There’s no writing off Donald Trump in polarised white America
Niall Ferguson says the Republican presidential nominee has emerged as a champion of the disgruntled lower classes, who – though poorer and less educated than the nation’s elite – are legion
In his brilliant and prophetic 2011 book, Coming Apart, my friend Charles Murray identified the stark social division that is defining this year’s US presidential election. Murray’s book was unabashedly about “the state of white America”. The white population of the US, he argued, is more polarised than at any time in the past half century. On the one hand, there is a “cognitive elite”, who are educated at universities like Harvard and Yale, marry each other, work together and live in the same exclusive neighbourhoods. These people are politically more liberal than the national average, as well as much richer.
On the other side of this social chasm is a new lower class: white Americans with nothing more than a high school diploma, if that. In a masterstroke of exposition, Murray vividly localised his argument by imagining two emblematic communities: Belmont, where everyone has at least one university degree, and Fishtown, where no one has any.
Murray’s key point in Coming Apart was that four great social trends of the post-1960 period had hit Fishtown much harder than Belmont. The cognitive elite likes weddings. By contrast, a much larger proportion of adults in Fishtown either get divorced or never marry. In Belmont, everyone is a workaholic. But an amazing number of Fishtown white males cannot work because of illness or disability, or are unemployed. Belmont is pretty safe, whereas crime is chronic in Fishtown. Finally, religiosity has declined much more steeply in Fishtown.
As a consequence, the traditional bonds of civil society have atrophied in lower-class white America. There is less trust, less of what sociologist Robert Putnam calls “social capital”. And that, Murray concluded, is why the inhabitants of Fishtown are, by their own admission, so unhappy.
Fast forward five years. Murray’s disgruntled white lower class has now found its “voice” in Donald Trump. The declining, dangerous country that Trump described in his speech at the Republican National Convention in Cleveland was Fishtown writ large. Indeed, you could simply change the names. For Fishtown read Cleveland; for Belmont read Philadelphia, where the Democrats held their convention last week.
Viewed from Belmont, everything is awesome. But that’s not how it looks in Fishtown. Since 2005, according to a new report by McKinsey, more than four-fifths of the population have had flat or falling incomes. The white lower class is in the grip of an epidemic of ill health and premature death.
The prevailing mood among Hillary Clinton loyalists is one of confidence that they will win. And yet, for a year, commentators have made the mistake of thinking that things they find outrageous are also outrageous to a majority of voters. But top journalists live in Belmont. They just don’t get what Fishtown folk find outrageous.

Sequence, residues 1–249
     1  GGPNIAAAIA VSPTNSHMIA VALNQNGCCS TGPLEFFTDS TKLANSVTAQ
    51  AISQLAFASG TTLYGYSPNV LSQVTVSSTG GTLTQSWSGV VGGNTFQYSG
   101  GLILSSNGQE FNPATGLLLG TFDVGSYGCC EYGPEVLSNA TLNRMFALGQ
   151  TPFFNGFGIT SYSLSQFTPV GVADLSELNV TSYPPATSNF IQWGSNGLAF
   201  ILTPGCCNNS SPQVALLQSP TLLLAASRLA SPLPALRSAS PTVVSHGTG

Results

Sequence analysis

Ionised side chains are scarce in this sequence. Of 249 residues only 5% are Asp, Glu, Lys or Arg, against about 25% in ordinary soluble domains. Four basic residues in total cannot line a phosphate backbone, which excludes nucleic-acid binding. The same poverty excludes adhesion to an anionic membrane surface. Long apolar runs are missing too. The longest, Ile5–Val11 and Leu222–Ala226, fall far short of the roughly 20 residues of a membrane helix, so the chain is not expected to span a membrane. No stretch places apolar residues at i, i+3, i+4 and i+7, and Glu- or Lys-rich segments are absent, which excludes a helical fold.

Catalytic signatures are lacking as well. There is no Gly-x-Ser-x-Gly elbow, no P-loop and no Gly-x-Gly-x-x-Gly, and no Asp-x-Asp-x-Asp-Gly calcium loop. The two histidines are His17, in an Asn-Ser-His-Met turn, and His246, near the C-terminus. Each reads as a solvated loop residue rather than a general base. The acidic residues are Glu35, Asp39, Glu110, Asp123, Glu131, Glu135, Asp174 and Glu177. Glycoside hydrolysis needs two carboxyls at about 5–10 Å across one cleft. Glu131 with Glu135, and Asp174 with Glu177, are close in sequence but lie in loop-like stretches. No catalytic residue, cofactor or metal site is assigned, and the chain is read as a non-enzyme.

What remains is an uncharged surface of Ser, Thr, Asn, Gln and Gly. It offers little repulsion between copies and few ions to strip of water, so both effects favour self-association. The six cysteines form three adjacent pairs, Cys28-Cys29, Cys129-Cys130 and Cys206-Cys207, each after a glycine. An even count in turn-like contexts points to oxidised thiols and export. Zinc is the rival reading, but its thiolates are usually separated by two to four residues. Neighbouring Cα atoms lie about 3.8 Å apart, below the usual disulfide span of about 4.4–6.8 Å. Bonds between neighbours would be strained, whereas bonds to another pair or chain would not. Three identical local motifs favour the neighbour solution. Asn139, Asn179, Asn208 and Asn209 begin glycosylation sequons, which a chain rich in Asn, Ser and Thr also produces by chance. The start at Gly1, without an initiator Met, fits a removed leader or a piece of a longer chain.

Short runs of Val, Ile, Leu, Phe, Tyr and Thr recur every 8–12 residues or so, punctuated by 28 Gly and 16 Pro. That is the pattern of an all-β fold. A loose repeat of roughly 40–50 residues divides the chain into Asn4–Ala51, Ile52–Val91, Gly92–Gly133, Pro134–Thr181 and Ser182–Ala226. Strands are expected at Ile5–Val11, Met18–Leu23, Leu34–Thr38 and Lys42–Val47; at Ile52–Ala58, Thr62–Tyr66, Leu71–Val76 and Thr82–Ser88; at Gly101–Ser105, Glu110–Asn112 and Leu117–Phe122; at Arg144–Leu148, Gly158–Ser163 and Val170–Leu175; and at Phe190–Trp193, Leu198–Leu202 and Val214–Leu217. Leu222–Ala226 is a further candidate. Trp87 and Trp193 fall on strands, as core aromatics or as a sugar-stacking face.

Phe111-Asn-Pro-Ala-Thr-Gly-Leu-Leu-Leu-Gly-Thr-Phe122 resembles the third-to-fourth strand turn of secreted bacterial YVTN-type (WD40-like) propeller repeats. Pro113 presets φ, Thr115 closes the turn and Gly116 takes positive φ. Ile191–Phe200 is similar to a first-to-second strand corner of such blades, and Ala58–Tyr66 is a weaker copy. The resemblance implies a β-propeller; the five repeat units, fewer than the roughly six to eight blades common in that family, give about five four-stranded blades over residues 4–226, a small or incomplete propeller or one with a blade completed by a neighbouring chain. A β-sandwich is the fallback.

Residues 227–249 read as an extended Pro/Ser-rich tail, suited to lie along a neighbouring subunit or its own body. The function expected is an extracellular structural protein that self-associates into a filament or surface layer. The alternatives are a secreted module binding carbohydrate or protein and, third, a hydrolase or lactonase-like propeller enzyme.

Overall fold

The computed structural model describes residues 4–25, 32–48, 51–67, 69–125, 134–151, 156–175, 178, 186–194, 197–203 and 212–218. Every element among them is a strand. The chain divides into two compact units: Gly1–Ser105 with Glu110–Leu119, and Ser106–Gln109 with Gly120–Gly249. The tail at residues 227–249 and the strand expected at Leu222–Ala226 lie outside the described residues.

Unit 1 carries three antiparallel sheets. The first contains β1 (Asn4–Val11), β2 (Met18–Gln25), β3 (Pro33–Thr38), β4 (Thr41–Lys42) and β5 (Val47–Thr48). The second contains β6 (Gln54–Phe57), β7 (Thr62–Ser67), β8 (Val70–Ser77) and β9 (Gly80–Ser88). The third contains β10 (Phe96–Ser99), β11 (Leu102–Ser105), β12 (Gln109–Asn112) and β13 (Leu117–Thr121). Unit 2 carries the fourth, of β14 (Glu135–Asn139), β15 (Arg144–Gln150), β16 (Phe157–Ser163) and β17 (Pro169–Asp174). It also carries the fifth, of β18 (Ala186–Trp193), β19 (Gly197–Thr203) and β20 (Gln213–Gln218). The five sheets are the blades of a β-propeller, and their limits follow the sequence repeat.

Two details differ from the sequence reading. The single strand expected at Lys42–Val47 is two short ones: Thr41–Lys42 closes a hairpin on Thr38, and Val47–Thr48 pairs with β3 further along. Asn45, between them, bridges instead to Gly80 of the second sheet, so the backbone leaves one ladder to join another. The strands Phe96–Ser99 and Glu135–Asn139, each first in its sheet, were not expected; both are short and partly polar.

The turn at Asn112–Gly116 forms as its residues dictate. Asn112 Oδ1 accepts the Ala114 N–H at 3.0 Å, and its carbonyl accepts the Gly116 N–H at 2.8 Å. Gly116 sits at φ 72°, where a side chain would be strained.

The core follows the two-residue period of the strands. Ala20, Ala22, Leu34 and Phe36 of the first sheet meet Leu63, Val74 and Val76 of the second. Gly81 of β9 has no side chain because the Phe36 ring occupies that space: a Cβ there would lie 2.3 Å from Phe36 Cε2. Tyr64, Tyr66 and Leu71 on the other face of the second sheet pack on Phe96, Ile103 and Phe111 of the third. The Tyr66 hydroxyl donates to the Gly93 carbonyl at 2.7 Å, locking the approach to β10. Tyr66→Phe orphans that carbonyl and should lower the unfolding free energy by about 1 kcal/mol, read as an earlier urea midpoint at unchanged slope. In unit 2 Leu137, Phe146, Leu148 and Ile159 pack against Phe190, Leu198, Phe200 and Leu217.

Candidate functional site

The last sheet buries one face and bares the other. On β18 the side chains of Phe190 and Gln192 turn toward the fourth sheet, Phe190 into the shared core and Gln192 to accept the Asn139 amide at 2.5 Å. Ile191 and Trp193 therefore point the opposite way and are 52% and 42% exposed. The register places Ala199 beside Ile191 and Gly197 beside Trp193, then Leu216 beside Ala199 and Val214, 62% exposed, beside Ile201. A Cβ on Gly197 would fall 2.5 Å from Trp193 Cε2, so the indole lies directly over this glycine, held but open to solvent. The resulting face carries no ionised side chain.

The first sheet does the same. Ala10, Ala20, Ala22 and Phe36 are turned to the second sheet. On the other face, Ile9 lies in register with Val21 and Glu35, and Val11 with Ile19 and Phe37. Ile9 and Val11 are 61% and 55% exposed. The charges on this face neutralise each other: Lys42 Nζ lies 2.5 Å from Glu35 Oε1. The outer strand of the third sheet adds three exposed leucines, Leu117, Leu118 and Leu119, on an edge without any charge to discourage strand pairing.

There are three reasons why Belmont is underestimating Fishtown’s chances of winning this election. The first is that a “change” election is likely to produce, well, change. If two-thirds of Americans believe that the country is “on the wrong track”, why would they vote for the candidate so resoundingly endorsed by Barack Obama?
The second is the extent to which Trump will succeed in mobilising white voters. There were 129 million votes cast in the 2012 election, of which 93 million were cast by white voters. Mitt Romney won 59 per cent of those votes to Obama’s 39 per cent, but still lost. However, if Romney had won a shade over 62 per cent of the white vote, he would have won the popular vote. To have won Florida, Ohio, Virginia and Iowa – and hence the presidency – he would have needed to do better than that, but not much better. Can Trump succeed where Romney failed? Yes. Right now, he leads among white registered voters without a degree by 58 per cent to 30 per cent, compared with Romney’s lead in pre-election polls of 55 to 37. Indeed, a CNN poll gave Trump a 66-29 advantage with this group.
Of course, a lot of college-educated white Americans are repelled by The Donald. But that brings us to factor No 3: the generation gap. The Obama years have seen that gap widen. More than 66 per cent of voters aged 18-29 backed Obama in 2008. Only 42 per cent of those aged 65 and above voted for him in 2012. To be sure of winning in November, Clinton needs to replicate Obama’s appeal to the young. Can she? My hunch is that many young voters will fail to show up for Clinton. Meanwhile, the white lower class, especially the older cohorts, will turn out for Trump in droves.
With a bevy of Trump-hating Republican billionaires endorsing Clinton, her campaign has all the money it could wish for. But Fishtown has one big advantage over Belmont: numbers. Maybe, just maybe, the Obama “rainbow coalition” will come together again for the first female presidential candidate. But there’s an almost equally strong probability that it’s the turn of Belmont itself – the elite America that Clinton personifies – to come apart.
Niall Ferguson is Laurence A Tisch professor of history at Harvard and a senior fellow of the Hoover Institution, Stanford